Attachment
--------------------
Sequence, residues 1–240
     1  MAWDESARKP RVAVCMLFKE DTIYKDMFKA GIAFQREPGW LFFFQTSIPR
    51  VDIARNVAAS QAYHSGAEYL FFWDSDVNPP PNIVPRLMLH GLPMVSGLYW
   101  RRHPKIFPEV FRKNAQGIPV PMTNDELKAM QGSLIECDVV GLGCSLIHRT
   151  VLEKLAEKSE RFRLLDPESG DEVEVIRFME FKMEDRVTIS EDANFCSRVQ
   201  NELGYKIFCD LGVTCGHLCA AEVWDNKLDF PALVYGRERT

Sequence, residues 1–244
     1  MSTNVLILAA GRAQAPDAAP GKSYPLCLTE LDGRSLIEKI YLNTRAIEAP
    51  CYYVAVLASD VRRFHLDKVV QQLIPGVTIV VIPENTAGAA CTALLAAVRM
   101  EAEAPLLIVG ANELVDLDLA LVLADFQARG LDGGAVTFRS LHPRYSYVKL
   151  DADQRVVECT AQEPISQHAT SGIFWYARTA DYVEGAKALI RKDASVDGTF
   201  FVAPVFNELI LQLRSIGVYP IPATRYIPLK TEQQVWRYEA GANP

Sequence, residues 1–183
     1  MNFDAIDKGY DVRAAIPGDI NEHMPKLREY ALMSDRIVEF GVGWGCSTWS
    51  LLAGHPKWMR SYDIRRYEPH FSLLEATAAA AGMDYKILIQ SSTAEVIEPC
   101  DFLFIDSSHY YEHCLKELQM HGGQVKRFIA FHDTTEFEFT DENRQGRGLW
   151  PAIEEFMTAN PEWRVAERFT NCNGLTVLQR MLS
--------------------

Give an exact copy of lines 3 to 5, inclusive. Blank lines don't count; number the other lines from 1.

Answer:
    51  VDIARNVAAS QAYHSGAEYL FFWDSDVNPP PNIVPRLMLH GLPMVSGLYW
   101  RRHPKIFPEV FRKNAQGIPV PMTNDELKAM QGSLIECDVV GLGCSLIHRT
   151  VLEKLAEKSE RFRLLDPESG DEVEVIRFME FKMEDRVTIS EDANFCSRVQ